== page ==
Hungary’s Communist Government Arrests Cardinal Mindszenty Summary

  • Last updated on November 10, 2022

Resistance by the Roman Catholic Church to Communist repression in Hungary led to the arrest of the primate of Hungary, József Mindszenty, by the Communist Party government. Briefly freed during the 1956 Hungarian uprising, he then took refuge in the U.S. embassy in Budapest, where he remained for fifteen years before going into exile in Austria. His isolation and the fierce repression of the Communist regime severely limited the strength and independence of the Catholic Church in Hungary.

Summary of Event

Following the World War II defeat of Nazi Germany in 1945, Hungary fell under the control of Joseph Stalin and the Soviet Union, which promptly installed a Communist government there. Behind the scenes, real control over major governmental decisions remained in the hands of Soviet Soviet Union;and Eastern Europe[Eastern Europe] Eastern Europe, domination by Soviet Union of Iron Curtain “advisers,” who kept in constant contact with Moscow. The new government in Hungary was secured through intimidation, electoral fraud, and the infiltration and gradual elimination of legitimate opposition parties. Christianity;repression by communist governments Roman Catholic Church;and Hungary[Hungary] Communist Party, Hungarian [kw]Hungary’s Communist Government Arrests Cardinal Mindszenty (Dec. 26, 1948)[Hungarys Communist Government Arrests Cardinal Mindszenty] [kw]Communist Government Arrests Cardinal Mindszenty, Hungary’s (Dec. 26, 1948) [kw]Cardinal Mindszenty, Hungary’s Communist Government Arrests (Dec. 26, 1948) [kw]Mindszenty, Hungary’s Communist Government Arrests Cardinal (Dec. 26, 1948) Christianity;repression by communist governments Roman Catholic Church;and Hungary[Hungary] Communist Party, Hungarian [g]Europe;Dec. 26, 1948: Hungary’s Communist Government Arrests Cardinal Mindszenty[02720] [g]Hungary;Dec. 26, 1948: Hungary’s Communist Government Arrests Cardinal Mindszenty[02720] [c]Cold War;Dec. 26, 1948: Hungary’s Communist Government Arrests Cardinal Mindszenty[02720] [c]Religion, theology, and ethics;Dec. 26, 1948: Hungary’s Communist Government Arrests Cardinal Mindszenty[02720] [c]Human rights;Dec. 26, 1948: Hungary’s Communist Government Arrests Cardinal Mindszenty[02720] [c]Government and politics;Dec. 26, 1948: Hungary’s Communist Government Arrests Cardinal Mindszenty[02720] [c]Organizations and institutions;Dec. 26, 1948: Hungary’s Communist Government Arrests Cardinal Mindszenty[02720] Mindszenty, József Nagy, Imre Rákosi, Mátyás Stalin, Joseph [p]Stalin, Joseph;Iron Curtain

After 1947, under the leadership of Mátyás Rákosi, the pace of official repression increased dramatically: Between 1948 and 1953, more than 1.3 million Hungarians were brought to trial for a variety of political “crimes.” Torture, execution, and long prison terms were the common fates of most real or imaginary enemies of the new Soviet regime.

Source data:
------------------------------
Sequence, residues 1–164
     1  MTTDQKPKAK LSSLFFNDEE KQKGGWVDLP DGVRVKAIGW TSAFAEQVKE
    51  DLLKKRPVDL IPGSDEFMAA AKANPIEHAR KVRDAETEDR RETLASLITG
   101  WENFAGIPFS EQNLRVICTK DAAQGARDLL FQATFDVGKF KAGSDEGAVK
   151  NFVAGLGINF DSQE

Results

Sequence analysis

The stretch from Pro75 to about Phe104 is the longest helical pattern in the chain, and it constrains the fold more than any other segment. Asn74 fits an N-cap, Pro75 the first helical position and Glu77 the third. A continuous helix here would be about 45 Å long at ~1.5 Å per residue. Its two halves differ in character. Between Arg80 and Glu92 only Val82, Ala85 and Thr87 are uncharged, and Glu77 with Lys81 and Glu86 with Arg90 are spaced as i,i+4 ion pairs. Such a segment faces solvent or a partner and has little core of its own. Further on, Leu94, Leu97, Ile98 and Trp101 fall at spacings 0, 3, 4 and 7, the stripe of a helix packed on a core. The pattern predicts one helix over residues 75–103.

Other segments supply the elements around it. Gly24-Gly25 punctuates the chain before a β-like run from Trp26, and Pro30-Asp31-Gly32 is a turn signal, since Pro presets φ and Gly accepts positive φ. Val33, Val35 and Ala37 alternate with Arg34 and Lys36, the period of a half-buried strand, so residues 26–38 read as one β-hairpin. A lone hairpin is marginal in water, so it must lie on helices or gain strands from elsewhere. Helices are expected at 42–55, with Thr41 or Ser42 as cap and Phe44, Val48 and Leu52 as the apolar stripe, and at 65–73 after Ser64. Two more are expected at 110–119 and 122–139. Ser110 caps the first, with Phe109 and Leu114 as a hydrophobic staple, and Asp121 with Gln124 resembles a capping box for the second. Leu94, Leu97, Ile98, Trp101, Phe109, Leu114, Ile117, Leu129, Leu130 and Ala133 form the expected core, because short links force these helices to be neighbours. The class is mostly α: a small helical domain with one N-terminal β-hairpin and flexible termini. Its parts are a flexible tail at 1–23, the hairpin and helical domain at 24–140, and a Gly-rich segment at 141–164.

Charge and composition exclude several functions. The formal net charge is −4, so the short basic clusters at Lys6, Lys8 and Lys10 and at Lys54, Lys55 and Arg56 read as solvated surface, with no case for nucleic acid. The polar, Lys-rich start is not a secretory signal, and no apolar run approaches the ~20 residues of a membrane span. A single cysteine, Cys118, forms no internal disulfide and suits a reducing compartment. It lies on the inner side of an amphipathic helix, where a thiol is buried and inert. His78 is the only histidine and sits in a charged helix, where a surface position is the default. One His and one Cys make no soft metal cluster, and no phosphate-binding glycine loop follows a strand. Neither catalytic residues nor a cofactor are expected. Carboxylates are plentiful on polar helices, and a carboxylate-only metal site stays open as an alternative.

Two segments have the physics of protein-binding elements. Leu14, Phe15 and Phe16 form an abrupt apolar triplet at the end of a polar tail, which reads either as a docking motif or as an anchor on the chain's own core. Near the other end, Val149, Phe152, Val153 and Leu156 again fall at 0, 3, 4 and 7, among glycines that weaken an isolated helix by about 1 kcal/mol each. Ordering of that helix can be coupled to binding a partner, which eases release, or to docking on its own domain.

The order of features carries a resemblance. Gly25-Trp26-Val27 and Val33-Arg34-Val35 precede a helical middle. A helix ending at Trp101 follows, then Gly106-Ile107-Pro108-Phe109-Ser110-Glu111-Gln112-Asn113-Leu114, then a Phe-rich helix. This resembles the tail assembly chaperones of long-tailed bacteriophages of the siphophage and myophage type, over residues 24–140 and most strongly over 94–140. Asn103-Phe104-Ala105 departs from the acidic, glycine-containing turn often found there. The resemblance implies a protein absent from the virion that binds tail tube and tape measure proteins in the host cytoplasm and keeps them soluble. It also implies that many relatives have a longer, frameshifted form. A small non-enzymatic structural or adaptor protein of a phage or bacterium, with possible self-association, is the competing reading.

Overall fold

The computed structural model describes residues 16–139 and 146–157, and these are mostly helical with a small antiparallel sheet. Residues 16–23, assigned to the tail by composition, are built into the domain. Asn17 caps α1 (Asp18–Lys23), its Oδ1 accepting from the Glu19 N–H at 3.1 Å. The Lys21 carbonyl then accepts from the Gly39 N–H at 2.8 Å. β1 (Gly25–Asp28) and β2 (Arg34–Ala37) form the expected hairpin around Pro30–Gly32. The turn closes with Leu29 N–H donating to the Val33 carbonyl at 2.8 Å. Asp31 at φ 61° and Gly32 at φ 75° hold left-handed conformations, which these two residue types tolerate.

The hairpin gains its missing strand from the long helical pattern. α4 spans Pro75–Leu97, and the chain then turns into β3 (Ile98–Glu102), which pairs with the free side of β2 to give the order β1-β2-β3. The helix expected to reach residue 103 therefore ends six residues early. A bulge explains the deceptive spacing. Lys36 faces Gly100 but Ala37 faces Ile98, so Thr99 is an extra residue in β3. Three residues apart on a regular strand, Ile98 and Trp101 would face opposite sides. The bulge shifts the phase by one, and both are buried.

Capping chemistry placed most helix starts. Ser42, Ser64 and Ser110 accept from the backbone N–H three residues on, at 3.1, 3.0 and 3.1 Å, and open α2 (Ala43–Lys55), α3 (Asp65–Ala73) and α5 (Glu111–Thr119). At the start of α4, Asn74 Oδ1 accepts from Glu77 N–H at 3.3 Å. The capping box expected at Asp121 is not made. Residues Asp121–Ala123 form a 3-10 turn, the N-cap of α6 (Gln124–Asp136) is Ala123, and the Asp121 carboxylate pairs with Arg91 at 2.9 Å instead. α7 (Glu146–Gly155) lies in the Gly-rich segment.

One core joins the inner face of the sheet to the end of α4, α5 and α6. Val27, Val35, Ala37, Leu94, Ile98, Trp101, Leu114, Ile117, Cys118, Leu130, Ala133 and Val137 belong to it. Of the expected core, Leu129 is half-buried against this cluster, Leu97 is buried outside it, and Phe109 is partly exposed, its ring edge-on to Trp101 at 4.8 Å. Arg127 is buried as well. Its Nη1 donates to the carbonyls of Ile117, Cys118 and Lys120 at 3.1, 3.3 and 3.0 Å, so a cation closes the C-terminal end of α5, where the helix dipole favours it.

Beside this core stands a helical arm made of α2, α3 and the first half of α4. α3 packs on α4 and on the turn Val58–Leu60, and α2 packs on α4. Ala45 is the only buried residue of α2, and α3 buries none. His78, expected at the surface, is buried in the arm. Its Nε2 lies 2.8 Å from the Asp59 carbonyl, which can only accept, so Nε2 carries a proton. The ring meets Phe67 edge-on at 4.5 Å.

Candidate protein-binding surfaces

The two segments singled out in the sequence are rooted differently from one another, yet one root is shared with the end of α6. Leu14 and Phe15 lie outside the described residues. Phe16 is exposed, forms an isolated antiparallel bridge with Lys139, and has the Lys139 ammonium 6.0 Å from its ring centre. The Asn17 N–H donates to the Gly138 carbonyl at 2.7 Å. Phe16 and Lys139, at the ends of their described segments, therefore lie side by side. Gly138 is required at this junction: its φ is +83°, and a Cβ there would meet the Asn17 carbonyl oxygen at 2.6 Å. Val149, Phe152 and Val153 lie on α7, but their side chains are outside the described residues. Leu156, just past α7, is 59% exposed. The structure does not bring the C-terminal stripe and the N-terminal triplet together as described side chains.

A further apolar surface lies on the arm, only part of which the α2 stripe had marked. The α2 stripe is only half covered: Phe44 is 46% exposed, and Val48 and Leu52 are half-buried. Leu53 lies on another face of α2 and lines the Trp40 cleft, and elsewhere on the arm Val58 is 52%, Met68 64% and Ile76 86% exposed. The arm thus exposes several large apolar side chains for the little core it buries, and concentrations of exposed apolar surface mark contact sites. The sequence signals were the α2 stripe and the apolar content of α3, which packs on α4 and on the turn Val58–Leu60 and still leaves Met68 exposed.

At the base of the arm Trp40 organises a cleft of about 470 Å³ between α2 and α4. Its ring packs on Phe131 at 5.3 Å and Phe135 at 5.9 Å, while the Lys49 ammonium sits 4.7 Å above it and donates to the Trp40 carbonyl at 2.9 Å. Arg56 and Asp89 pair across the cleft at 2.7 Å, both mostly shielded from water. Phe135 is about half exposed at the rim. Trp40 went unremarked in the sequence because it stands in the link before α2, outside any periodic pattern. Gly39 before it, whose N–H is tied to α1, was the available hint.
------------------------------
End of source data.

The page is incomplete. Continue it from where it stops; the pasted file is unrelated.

In 1948, the Hungarian Communists turned the apparatus of repression against religious bodies and the Roman Catholic Church in particular. Scores of priests and other clergy were arrested, Church property was seized without compensation, and nearly all religious orders and voluntary institutions were closed. In the following year, 1950, the government then began to re-create religious bodies under government supervision and control. Critical to this project was the destruction of an independent Catholic hierarchy in Hungary, which, in the late 1940’s, was led by the formidable primate József Mindszenty.

Mindszenty was a well-known figure in the Hungarian Catholic Church by World War I. During the brief communist revolution in 1919, he was imprisoned for opposition to communism. By the early 1940’s, he was an active member of the conservative-traditionalist Smallholders’ Party Smallholders’ Party, Hungarian , which formed the bulwark of opposition to the fascist Arrow Cross Party Arrow Cross Party, Hungarian . In 1944, he was made bishop of Veszprém. That year, the Arrow Cross Party, backed by Nazi Germany, overthrew the more moderate (though still German-allied) government of Miklós Horthy Horthy, Miklós . Mindszenty opposed the fascists and their efforts to impose further anti-Semitic measures on the country and because of this was arrested and imprisoned for the remainder of the war. Following his release in 1945, he was named cardinal archbishop of Esztergom and primate of Hungary by Pope Pius XII.

Mindszenty strongly opposed communist efforts to control Catholic education and sought to maintain the independence of the Hungary Catholic Church in the face of increasing repression. On December 26, 1948, he was arrested by the Communist security police and charged with treason, conspiracy against the government, and illegal use of foreign currency. During his imprisonment, Mindszenty was beaten, drugged, and subject to sleep deprivation and other abuse and torture. When the prelate would not cooperate, the police created a forged confession of the cardinal’s “crimes” as well as other incriminating but fake documents.